Imperial College London Featured PhD Programmes
University of Oxford Featured PhD Programmes
Sheffield Hallam University Featured PhD Programmes
Norwich Research Park Featured PhD Programmes
Cardiff University Featured PhD Programmes

Dissecting inclusion biogenesis – the specialised intracellular replicative compartment of Chlamydia trachomatis

  • Full or part time
  • Application Deadline
    Wednesday, January 01, 2020
  • Competition Funded PhD Project (European/UK Students Only)
    Competition Funded PhD Project (European/UK Students Only)

Project Description

Chlamydia trachomatis remains the principal bacterial cause of sexually transmitted infections worldwide. In Developing nations, ocular infections cause trachoma, a form of blindness, which is designated by the World Health Organisation as a neglected tropical disease. Chlamydiae are obligate intracellular bacteria that adopt two distinct developmental forms, infectious elementary bodies (EB) force their own actin-dependent uptake into epithelial cells. Once internalised EB differentiate to form reticulate bodies (RB) that survive and replicate within a specialised intracellular compartment called an inclusion. RB re-differentiate into EB and induce inclusion egress or cell lysis to continue the lifecycle. Bacterial virulence effector proteins that are translocated into the host cell control inclusion biogenesis. These effectors integrate into the inclusion membrane, and disseminate into the cytosol and nucleus of the infected cell, where they hijack key host processes including intracellular trafficking, antigen presentation, cytoskeletal architecture, organelle interactions and host gene expression. This project will apply a multidisciplinary approach to investigate the structure and function of chlamydial effectors, involving protein biochemistry, cell biology and infection models in cultured cells, bioimaging and the application of genetic techniques that have only recently been developed in the field. The aim is to identify targets of effectors of unknown function, and to understand the role of the targetted host processes in inclusion biogenesis and disease. In parallel, the project will involve the characterisation of novel host targets we have already identified in ongoing work. Since little is known about the biogenesis of the inclusion this work not only provides training in a wide variety of techniques but also the opportunity to study new aspects of host cell biology.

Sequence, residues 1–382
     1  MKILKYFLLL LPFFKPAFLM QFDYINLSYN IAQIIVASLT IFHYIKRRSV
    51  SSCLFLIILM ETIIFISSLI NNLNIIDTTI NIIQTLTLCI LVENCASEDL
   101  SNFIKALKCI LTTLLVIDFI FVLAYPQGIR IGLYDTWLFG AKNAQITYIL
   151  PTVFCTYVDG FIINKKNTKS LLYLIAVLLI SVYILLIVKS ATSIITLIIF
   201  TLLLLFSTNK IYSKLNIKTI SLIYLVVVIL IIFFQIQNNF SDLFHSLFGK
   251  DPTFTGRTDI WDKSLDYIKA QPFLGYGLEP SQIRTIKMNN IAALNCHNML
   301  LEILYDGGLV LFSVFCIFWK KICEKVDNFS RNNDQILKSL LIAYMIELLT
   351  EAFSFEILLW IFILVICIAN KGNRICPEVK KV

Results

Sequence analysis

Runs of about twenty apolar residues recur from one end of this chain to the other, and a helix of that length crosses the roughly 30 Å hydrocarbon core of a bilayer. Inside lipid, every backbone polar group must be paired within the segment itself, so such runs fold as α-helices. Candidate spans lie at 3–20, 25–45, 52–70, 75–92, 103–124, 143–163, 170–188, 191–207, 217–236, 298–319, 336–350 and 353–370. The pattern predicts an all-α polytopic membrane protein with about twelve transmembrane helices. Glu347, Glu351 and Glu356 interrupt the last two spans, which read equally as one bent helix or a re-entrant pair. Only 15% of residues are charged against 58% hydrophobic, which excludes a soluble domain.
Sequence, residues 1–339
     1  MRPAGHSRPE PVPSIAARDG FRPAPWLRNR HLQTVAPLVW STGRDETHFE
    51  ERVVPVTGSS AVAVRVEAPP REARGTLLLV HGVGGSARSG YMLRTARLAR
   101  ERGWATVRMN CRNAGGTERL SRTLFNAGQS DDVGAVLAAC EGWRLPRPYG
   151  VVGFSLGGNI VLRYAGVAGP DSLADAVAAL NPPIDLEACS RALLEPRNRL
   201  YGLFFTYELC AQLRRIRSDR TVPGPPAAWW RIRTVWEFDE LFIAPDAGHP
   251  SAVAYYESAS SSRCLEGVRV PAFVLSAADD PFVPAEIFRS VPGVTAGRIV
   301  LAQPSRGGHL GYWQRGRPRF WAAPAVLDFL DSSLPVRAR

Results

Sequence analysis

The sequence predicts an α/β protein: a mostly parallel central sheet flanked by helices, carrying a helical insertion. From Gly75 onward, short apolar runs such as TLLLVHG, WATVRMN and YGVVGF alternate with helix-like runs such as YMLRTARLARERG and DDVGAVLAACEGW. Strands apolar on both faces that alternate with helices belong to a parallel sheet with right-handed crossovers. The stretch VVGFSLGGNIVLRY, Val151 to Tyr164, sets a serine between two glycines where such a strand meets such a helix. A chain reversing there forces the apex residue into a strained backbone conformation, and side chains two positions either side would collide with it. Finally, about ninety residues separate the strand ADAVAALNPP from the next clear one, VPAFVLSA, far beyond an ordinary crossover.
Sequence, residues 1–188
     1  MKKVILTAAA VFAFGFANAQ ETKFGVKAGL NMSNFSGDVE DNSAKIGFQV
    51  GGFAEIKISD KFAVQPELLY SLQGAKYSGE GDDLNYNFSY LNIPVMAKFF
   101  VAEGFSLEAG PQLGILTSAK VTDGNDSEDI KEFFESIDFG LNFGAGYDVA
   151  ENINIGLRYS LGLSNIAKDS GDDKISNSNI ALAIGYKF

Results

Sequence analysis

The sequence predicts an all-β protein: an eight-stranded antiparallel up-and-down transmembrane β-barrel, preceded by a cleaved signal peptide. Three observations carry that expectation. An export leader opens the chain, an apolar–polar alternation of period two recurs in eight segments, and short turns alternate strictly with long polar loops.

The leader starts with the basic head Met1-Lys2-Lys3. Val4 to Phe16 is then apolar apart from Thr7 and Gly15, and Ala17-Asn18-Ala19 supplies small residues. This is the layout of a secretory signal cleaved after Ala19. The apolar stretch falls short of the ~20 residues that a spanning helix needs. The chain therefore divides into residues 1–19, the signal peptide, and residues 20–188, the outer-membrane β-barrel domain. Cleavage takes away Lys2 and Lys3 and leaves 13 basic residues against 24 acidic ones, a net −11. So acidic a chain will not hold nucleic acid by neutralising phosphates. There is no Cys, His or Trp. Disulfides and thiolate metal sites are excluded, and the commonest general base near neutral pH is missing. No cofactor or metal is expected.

Funding Notes

Funding* will cover the student’s stipend at the current Research Council rate and University Fees. The studentships will be funded for three years in the first instance subject to eligibility**, with the possibility of additional funding in the fourth year depending on circumstances.

**The studentships are available to students who qualify for Home/EU fees

Applications from ineligible candidates will not be considered.

(View Website)

The University values diversity and is committed to equality of opportunity.

The University has a responsibility to ensure that all employees are eligible to live and work in the UK.

References

Ford C, Nans A, Boucrot E, Hayward RD (2018) Chlamydia exploits filopodial capture and a macropinocytosis-like pathway for host cell entry.
PLoS Pathogens 14:e1007051
Nans A, Kudryashev M, Saibil HR, Hayward RD (2015) Structure of a bacterial type III secretion system in contact with a host membrane in situ.
Nature Communications 6:10114
Dumoux M, Menny A, Delacour D, Hayward RD (2015) A Chlamydia effector recruits CEP170 to reprogram host microtubule organization.
Journal of Cell Science 128:3420-3434

Email Now

Insert previous message below for editing? 
You haven’t included a message. Providing a specific message means universities will take your enquiry more seriously and helps them provide the information you need.
Why not add a message here
* required field
Send a copy to me for my own records.

Your enquiry has been emailed successfully





FindAPhD. Copyright 2005-2019
All rights reserved.